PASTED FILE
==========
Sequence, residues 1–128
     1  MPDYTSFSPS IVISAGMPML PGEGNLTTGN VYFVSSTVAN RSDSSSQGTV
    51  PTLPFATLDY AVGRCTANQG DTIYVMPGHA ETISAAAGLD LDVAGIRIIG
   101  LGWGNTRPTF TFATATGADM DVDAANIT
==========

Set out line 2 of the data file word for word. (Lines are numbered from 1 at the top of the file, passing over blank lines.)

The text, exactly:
     1  MPDYTSFSPS IVISAGMPML PGEGNLTTGN VYFVSSTVAN RSDSSSQGTV